All other customers may call Catholic Community Services of Eugene at 541-345-3642.

Feel free also to direct customers to the new Newsroom for information and assistance:

Water Reliability Team invites you to a habitat enhancement work party

Many hours of volunteer time over the last 40 years have enhanced habitat just upstream of EWEB’s new intake site in the Willamette Confluence Area. Past projects have improved water quality that will benefit our customers when we deliver water from this new source.

There is more work to be done.

Last summer a landowner just upstream of our intake site improved connectivity to ponds and back channels on their land. This winter they are seeking volunteers to help replant riparian forest habitat and continue to clear invasive plants.

Healthy riparian forest shades and cools water which mitigates algae conditions. Planted shoreline naturally filters sediment which reduces turbidity and suspended heavy metals. Connected ponds and back channels provide allow soil particles to settle out before they reach the intake. This restored area will help out the new water filtration plant.

You are invited to join in the fun, rain or shine!

Work party is sponsored by Friends of Buford Park & Mount Pisgah. Saturday, March 11 from 9 a.m. – 12 p.m. Contact for more information and to sign-up.

High-speed fiber internet lights up in downtown Eugene

EWEB, the City of Eugene, and the Lane Council of Governments (LCOG), with support from the Technology Association of Oregon (TAO), are moving forward with construction of the publicly owned fiber network that will connect about 120 downtown Eugene buildings to world-class internet.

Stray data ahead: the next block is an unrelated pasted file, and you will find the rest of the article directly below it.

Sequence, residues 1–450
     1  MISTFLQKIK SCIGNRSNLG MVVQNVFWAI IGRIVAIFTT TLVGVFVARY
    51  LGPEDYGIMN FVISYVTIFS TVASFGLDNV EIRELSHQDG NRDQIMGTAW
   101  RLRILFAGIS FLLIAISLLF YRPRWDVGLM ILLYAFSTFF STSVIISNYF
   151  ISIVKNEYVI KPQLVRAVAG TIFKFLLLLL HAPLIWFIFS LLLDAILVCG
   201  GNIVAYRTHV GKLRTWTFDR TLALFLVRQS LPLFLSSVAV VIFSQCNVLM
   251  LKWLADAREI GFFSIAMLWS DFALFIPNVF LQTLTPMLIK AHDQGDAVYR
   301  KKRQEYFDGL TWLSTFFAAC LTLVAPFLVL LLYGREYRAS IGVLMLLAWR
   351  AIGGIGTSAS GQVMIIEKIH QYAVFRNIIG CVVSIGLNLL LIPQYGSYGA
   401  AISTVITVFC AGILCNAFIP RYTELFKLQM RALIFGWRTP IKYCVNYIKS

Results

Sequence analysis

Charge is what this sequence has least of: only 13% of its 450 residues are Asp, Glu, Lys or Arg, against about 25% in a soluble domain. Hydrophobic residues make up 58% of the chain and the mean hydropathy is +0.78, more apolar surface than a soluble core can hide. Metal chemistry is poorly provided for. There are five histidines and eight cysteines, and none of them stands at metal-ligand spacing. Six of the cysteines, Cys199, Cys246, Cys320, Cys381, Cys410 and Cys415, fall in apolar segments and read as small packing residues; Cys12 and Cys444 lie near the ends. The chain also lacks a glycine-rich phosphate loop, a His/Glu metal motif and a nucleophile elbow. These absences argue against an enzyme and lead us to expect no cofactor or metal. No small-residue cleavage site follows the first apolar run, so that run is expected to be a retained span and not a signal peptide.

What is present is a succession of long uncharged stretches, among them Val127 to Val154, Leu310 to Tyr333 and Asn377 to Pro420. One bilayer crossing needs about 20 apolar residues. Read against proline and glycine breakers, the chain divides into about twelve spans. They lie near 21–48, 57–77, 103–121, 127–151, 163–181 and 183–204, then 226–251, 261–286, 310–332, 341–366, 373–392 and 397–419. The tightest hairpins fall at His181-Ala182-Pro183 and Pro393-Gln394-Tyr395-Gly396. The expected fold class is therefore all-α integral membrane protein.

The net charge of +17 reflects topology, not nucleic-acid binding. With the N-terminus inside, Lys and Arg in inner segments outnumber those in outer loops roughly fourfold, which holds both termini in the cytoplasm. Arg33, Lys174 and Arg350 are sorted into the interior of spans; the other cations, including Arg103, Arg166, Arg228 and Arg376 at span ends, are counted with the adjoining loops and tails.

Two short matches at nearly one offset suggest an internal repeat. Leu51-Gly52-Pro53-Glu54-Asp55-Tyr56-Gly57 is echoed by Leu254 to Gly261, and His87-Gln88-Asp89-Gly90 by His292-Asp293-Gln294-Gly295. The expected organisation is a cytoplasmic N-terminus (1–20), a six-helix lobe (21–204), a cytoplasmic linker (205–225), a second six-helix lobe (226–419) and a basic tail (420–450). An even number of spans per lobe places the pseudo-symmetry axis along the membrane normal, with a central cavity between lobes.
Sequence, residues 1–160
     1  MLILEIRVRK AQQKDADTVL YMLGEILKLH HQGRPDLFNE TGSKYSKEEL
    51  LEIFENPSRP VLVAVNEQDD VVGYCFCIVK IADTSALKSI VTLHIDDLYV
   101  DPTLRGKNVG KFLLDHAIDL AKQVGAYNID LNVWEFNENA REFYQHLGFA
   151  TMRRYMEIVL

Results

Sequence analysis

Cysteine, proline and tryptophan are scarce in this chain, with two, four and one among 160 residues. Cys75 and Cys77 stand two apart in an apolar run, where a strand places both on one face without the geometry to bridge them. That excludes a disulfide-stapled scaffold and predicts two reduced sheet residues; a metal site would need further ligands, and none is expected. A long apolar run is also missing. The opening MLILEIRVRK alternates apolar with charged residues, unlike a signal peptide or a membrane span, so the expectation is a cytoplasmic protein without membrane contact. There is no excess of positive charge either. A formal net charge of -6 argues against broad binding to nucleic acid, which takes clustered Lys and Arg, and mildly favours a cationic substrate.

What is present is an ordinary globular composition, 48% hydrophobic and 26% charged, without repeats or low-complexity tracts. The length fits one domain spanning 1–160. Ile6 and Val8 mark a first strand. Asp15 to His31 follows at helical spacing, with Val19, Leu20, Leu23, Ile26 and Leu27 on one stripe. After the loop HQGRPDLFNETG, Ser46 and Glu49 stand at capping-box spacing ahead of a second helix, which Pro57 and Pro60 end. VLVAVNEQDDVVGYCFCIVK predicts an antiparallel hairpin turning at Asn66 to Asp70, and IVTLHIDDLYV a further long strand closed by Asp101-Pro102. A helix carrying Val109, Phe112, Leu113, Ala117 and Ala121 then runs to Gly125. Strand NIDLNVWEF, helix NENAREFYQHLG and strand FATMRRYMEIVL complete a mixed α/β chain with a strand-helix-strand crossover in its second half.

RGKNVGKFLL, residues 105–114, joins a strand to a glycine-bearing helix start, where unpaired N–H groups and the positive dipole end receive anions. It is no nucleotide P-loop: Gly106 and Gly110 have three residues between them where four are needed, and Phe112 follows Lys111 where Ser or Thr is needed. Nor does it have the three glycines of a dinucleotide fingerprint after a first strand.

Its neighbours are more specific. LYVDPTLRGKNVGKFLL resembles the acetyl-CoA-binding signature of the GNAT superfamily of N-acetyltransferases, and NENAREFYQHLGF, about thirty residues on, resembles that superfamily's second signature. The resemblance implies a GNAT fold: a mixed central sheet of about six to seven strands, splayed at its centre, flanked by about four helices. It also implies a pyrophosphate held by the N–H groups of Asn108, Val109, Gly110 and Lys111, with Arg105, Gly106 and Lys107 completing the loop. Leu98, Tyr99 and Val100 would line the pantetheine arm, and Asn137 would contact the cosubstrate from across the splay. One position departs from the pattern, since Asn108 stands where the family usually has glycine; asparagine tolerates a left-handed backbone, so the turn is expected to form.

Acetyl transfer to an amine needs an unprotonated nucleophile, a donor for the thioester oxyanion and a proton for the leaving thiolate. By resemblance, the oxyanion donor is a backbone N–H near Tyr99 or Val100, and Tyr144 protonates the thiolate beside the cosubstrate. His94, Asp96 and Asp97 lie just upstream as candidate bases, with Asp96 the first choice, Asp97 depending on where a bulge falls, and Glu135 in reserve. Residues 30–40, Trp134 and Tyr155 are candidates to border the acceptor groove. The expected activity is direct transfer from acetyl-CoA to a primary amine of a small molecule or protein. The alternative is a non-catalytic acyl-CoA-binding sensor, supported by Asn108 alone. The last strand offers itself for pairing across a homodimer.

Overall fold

This economic development project builds on the success of a two-year pilot, which brought fiber to seven downtown buildings. The pilot demonstrated the benefits of the publicly owned fiber network, partnered with private providers.

Consumers are now able to choose from several internet service providers (ISPs), who are offering faster speeds at significantly lower prices than before the pilot in downtown Eugene. “We have already begun to see the positive impacts of having access to world-class internet in our community. The expansion of the fiber network will be a catalyst for the creation of local high-wage jobs, and will spur economic development opportunities around the region,” said Lucy Vinis, Eugene Mayor.

Funding for the project comes primarily from Eugene’s Downtown Urban Renewal District. In 2016, the Eugene City Council approved a plan amendment that made fiber installation within the Downtown District eligible for up to $3 million of urban renewal funds. The fiber network will be constructed by the City, LCOG, and EWEB, and will be owned by the public. Private ISPs will lease the fiber strands from EWEB and then provide services to individual businesses within the service area. Any qualified ISP can lease the fiber— it is an open-access network.